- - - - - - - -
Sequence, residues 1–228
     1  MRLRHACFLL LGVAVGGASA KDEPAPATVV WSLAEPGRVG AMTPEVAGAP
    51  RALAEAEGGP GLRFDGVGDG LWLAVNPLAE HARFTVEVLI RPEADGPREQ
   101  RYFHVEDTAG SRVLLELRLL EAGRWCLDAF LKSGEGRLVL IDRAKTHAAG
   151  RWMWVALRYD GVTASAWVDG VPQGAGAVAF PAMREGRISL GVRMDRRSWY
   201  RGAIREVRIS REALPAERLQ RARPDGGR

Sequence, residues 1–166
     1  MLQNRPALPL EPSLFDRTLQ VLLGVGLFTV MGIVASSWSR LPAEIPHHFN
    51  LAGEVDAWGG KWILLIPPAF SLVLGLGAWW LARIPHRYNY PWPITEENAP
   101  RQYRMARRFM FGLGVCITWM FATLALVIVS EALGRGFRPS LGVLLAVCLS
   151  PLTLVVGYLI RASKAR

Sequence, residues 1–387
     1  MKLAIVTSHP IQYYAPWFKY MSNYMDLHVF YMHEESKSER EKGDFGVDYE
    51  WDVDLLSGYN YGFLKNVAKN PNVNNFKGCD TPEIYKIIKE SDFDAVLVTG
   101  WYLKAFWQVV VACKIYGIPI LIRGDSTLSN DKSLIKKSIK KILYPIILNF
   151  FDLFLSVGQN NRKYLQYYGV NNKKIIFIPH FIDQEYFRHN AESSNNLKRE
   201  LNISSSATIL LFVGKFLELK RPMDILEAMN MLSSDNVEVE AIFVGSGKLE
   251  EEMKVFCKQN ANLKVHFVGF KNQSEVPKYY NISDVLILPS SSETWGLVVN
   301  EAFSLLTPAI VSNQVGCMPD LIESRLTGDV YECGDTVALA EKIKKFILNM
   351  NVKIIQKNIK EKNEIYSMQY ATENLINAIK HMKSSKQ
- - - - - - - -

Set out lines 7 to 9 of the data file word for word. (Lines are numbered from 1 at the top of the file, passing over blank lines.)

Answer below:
Sequence, residues 1–166
     1  MLQNRPALPL EPSLFDRTLQ VLLGVGLFTV MGIVASSWSR LPAEIPHHFN
    51  LAGEVDAWGG KWILLIPPAF SLVLGLGAWW LARIPHRYNY PWPITEENAP